Bullet Proof Mormon Underwear? August 8, 2013Author: Beach Combing | in : Actualite, Contemporary, Modern , trackback
***Dedicated to the Count, who gave me a pleasant hour on an unpleasant day. Beach should note here that he is not a fan of Mormonism but that he is a huge fan of Mormons: he has had consistently and powerfully positive experiences of followers of that religion and nothing that follows is meant to be offensive.***
Adult mormons wear temple garments that are essentially all-in-one pieces of underwear. (There is a modern and worrying tendency to wear them as two separate pieces – see graphic – but we do not condone that: the world is going to hell in a breadbasket…) Temple garments (aka Mormon underwear, aka ‘magic underwear’) are given to Mormons in a special temple ceremony and are, then, worn through life. The list of occasions when tgs can be removed is short. You can swim or bathe without them, and some liberals say that you can make love without them, but other than that that the tgs should become an extension of your body and a mark of your loyalty to God. Mormons justify the wearing of TGs through Genesis 3,21: ‘Unto Adam also and to his wife did the Lord God make coats of skins, and clothed them’. But, of course, TGs have a variety of functions that that verse does not cover. They encourage modesty in dress: mini-skirts and strapless dresses are not an option. They are a constant, if sometimes uncomfortable reminder, of God on your body: a very low grade version of the cilice. Unofficially, they are a way for Mormons to identify each other: ‘let’s go to that other saleslady. She’s wearing garments.’ Etc etc. Then, finally, they are a form of protection.
Modern Mormons are perhaps understandably worried about misunderstandings around the idea that temple garments are a ‘shield’. But the reference to protection is there in the initial giving ceremony.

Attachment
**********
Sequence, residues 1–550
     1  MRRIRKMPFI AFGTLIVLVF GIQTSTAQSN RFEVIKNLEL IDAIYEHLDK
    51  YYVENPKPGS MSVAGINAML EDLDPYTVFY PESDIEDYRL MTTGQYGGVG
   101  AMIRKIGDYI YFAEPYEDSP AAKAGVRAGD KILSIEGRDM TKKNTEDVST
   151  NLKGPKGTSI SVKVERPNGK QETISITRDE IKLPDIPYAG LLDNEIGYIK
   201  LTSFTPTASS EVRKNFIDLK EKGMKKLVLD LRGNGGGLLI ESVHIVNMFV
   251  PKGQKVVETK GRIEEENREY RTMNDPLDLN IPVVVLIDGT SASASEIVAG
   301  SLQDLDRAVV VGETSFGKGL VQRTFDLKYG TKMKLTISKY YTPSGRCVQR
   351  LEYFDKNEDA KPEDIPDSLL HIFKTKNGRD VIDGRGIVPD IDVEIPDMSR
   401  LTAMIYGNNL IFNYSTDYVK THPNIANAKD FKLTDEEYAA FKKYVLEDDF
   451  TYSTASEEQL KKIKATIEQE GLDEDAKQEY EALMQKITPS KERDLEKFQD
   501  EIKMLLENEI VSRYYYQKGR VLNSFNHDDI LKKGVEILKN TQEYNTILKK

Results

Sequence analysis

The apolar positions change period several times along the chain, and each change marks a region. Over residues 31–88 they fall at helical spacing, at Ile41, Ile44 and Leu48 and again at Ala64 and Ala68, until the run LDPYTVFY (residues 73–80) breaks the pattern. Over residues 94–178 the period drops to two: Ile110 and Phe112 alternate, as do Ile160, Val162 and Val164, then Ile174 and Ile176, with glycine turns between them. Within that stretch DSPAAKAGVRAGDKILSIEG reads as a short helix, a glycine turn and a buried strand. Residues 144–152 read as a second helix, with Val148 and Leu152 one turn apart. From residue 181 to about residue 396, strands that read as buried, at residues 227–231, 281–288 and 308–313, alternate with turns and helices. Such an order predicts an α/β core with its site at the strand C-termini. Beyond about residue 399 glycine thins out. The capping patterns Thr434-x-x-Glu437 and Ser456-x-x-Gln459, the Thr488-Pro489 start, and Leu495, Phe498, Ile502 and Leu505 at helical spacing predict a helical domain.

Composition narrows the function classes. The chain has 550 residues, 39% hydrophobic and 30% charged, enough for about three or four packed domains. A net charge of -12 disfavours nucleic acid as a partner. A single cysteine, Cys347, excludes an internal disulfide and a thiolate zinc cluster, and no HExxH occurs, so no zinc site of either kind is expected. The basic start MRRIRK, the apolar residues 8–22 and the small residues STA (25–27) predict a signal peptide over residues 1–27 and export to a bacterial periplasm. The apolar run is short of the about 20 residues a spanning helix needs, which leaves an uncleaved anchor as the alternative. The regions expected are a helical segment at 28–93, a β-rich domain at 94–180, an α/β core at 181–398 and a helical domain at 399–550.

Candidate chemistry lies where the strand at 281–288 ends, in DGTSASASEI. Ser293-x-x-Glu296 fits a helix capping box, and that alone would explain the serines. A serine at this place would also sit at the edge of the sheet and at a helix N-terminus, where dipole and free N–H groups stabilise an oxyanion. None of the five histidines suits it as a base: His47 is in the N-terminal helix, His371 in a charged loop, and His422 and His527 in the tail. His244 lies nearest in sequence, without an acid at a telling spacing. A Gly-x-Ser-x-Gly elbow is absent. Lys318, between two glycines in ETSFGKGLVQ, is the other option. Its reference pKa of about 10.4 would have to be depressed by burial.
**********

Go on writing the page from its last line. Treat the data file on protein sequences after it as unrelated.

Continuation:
Brother [insert name], having authority, I place this Garment upon you [for and in behalf of, insert name, who is dead], which you must wear throughout your life. It represents the Garment given unto Adam when he was found naked in the Garden of Eden, and is called the Garment of the Holy Priesthood. Inasmuch as you do not defile it, but are true and faithful to your covenants, it will be a shield and a protection to you against the power of the destroyer until you have finished your work here on earth. WiIth this Garment I give you an New Name, which you should always remember, and which you must keep sacred, and never reveal except at a certain place which will be shown you hereafter. The name is [insert name].
We are going to try very hard not to veer off course over that interesting point of the ‘new name’ and to concentrate on: ‘Inasmuch as you do not defile [the garment], but are true and faithful to your covenants, it will be a shield and a protection to you against the power of the destroyer until you have finished your work here on earth’. Beach can only see one way of reading this: if you are true then the garments will protect you from the Devil’s work. Of course, that could be read as a promise of day-to-day protection in the world – i.e. you live, the garmentless die; or simply as spiritual protection, perhaps you die but you are going straight to God. The garments also have a number of symbols placed on them. Some of these are practical: e.g. knee pads because we kneel to God. Others though are rather more esoteric: for example, the compass sign, which, it has been suggested, might have a Masonic origin.
The ambiguity over these symbols – there is lots of discussion as to what they mean – has perhaps helped along the idea that the tgs are magical and that they might be useful to have on you if someone pulls out a gun. This idea was certainly there in the early and difficult years of the church. Take this passage: